Thirteen Days
review by Joe Barlow, 12 January 2001

What is it about John F. Kennedy that inspires epic films? Thirty-eight years after the untimely assassination of one of America's most beloved presidents, people still can't get enough of JFK and his story. In his death, Kennedy has become something of a symbol for the American spirit of freedom and indomitability, and his deeds -- like the man himself -- have become the stuff of legend. That probably says as much about America's dire lack of contemporary heroes as it does the continuing intrigue of the Kennedy mythology. But no man is perfect, and Roger Donaldson's Thirteen Days paints Kennedy less as an archetypal American patriot than a frustrated, worried man struggling with the biggest problem of his (or indeed, of any man's) career: the Cuban Missile Crisis.

Donaldson and actor Kevin Costner are no strangers to political thrillers; the pair worked together on 1987's No Way Out, one of this reviewer's favorite suspense movies (in my review for The DVD Journal, I compared the film -- favorably -- to Hitchcock's best work). And Costner, of course, has already parlayed his Kennedy infatuation into one hugely successful work, Oliver Stone's thoughtful JFK. But the great strength of Thirteen Days is the way that the supremely intelligent screenplay keeps the action focused squarely on the human drama of the story, rather than the ghastly events unfolding around the world. This lends an intimate feel to the proceedings, which suits the film well.

Kenny OíDonnell (Costner) is a top political advisor to President Kennedy (Bruce Greenwood). Although kept busy with his job, O'Donnell is a devoted family man with nothing more worrisome in his idyllic life than his son's less-than-glowing report card. Things soon change, however, when American reconnaissance detects large stockpiles of Soviet nuclear missiles in Cuba. When Kennedy's demands for the immediate dismantling of the weapons fall on unresponsive Russian ears, Kennedy imposes a trade blockade around the island, an act which brings the world to the brink of nuclear war.

The performances here are consistently strong, though the film unfortunately proves, as did Robin Hood: Prince of Thieves, that Kevin Costner canít do a convincing accent to save his life. Still, what he lacks in vocal diction, Costner more than makes up for in sheer screen presence. He's both friend and spiritual brother to John Kennedy and his little brother Bobby (a show-stealing performance by Steven Culp that has to be seen to be believed), and provides the strength and wisdom that the situation requires. Kenny, unlike most of the other characters in the story, recognizes the need to contain the situation as much as possible -- witness, for example, his request for American pilots not to report any enemy attacks to their supervisors. Kenny wisely recognizes that such reports would force Kennedy to respond in kind with violence. "Sparrows," explains O'Donnell. "That's all that hit your plane. Sparrows, not bullets."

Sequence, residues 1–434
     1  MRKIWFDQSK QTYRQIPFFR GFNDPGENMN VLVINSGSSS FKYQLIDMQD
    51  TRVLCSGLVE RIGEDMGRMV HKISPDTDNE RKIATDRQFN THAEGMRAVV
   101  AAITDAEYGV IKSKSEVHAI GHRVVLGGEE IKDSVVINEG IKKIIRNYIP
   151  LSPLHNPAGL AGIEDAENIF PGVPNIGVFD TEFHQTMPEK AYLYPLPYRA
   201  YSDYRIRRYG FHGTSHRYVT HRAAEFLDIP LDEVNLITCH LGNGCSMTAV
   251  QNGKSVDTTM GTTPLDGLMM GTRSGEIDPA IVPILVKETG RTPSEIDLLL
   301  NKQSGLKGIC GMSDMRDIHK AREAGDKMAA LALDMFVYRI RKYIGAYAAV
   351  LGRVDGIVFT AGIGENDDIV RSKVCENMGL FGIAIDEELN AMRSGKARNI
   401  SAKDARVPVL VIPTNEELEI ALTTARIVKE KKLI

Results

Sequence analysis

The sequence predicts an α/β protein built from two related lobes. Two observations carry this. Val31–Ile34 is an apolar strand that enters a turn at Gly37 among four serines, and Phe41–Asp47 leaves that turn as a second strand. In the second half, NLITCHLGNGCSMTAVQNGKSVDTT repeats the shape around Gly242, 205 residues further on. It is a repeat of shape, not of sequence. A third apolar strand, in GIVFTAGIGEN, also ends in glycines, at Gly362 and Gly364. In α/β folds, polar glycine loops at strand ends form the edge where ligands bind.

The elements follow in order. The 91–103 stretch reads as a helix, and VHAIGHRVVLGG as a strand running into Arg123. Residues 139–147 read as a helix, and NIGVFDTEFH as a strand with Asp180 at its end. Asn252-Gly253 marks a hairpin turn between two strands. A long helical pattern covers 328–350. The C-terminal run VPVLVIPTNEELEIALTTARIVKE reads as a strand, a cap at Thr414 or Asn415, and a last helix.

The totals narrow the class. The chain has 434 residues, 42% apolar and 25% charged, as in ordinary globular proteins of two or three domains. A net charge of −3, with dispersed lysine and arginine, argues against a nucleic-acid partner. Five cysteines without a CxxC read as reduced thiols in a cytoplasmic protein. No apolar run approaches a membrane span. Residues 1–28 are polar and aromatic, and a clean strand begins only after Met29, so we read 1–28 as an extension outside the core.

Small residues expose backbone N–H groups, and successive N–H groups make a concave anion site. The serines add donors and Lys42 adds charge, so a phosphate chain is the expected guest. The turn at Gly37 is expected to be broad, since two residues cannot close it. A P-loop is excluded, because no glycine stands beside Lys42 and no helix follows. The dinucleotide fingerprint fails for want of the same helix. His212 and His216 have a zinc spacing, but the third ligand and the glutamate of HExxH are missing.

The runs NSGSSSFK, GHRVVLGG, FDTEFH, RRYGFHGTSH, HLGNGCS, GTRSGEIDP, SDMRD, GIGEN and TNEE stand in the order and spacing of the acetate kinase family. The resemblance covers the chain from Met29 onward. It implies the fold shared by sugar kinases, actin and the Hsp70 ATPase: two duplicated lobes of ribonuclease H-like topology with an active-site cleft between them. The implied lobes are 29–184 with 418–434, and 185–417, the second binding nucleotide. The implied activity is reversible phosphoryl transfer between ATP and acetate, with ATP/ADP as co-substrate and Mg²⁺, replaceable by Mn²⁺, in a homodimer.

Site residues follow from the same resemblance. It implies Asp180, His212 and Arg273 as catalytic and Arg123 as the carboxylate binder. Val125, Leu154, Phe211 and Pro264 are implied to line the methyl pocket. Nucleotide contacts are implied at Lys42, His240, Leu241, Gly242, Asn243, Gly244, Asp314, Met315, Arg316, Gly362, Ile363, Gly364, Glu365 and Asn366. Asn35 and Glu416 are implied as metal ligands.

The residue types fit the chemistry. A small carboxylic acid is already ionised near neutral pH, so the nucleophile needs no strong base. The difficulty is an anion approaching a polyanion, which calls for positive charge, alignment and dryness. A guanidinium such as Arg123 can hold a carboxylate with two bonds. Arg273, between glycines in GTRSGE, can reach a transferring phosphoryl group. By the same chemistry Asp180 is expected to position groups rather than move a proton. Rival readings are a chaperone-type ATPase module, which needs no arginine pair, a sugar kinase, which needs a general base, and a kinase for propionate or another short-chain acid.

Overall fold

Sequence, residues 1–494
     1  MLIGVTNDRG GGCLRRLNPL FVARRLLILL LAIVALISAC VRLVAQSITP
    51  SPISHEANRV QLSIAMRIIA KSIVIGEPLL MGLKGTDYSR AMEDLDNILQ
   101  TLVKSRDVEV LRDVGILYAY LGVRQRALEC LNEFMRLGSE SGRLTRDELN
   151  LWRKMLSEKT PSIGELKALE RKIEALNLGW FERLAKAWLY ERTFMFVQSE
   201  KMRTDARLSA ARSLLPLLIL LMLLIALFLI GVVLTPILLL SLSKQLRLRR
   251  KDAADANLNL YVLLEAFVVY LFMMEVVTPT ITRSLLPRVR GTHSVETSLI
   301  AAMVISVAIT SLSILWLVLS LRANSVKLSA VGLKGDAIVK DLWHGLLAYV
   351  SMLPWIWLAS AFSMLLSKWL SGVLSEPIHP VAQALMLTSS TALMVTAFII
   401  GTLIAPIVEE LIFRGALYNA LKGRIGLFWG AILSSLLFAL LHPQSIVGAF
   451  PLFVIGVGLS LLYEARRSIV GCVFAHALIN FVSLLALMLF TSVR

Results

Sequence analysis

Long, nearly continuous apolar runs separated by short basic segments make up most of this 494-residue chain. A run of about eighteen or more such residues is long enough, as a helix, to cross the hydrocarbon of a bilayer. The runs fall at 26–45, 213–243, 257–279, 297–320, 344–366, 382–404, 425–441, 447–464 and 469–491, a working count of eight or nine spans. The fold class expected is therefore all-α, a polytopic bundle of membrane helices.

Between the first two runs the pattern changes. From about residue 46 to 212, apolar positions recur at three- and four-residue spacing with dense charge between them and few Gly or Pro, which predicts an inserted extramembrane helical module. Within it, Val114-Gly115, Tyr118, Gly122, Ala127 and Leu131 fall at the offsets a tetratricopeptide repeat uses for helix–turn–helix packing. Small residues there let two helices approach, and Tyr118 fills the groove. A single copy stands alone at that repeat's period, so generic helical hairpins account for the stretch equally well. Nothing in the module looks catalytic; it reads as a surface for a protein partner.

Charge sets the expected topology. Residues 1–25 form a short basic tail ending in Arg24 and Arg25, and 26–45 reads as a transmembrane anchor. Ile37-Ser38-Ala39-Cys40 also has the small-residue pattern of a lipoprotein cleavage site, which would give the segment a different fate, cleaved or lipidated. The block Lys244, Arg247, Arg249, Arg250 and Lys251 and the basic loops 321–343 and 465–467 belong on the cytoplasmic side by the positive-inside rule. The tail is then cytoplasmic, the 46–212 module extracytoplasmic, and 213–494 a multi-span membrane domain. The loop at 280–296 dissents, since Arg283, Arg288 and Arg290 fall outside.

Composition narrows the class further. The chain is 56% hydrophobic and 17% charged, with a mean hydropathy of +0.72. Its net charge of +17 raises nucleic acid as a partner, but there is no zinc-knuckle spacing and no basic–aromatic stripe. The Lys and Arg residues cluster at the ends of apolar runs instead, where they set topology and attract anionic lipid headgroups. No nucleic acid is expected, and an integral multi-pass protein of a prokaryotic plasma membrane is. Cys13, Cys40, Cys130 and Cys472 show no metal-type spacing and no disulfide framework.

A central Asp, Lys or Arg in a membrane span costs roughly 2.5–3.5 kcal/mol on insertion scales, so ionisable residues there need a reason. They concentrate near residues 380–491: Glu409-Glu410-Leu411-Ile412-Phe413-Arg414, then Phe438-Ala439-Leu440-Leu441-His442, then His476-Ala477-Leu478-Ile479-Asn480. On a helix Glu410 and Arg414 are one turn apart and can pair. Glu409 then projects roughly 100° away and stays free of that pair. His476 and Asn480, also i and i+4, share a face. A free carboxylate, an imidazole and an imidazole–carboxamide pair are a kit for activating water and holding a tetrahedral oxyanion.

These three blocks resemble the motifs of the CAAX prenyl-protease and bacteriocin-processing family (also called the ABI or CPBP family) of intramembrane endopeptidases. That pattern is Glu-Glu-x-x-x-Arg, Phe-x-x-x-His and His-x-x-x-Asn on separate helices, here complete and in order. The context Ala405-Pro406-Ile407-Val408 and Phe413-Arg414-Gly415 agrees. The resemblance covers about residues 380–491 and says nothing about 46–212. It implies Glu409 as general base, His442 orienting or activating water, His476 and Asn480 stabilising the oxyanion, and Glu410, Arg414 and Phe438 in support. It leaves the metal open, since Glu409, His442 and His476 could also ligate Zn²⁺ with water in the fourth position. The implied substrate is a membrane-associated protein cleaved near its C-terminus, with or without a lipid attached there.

Thirteen Days is a skillful piece of filmmaking that reveals Donaldson's desire to educate his audience as well as entertain. The movie introduces each new character with a subtitle explaining his or her title and function, thereby ensuring that viewers born long after the events depicted here will still be able to follow the story with ease. Historical weight is given to the proceedings via black and white insert shots. And as previously stated, extra power is given to the story's performances and drama by depicting our protagonists not as super heroes but as men worried about their actions and plagued with self-doubt, as anyone would be.

The Cuban Missile Crisis was the most dangerous chess game the United States has ever played, and Thirteen Days depicts every move with the respect and attention it deserves, often with haunting results. Itís a chilling indication of human nature, for instance, that while Kennedy celebrates the continuing peace between the two nations at the conclusion of the film, many of his advisors are already planning how to best use their new political clout to further their own careers. That says it all, really.

Click here to read Cynthia Fuchs' interview.

Directed by:
Roger Donaldson

Kevin Costner
Bruce Greenwood
Steven Culp
Dylan Baker
Henry Strozier
Frank Wood
Len Cariou
Janet Coleman

Written by:
Ernest R. May
Philip D. Zelikow

PG-13 - Parents
Strongly Cautioned
Some material ma
be inappropriate for
children under 13






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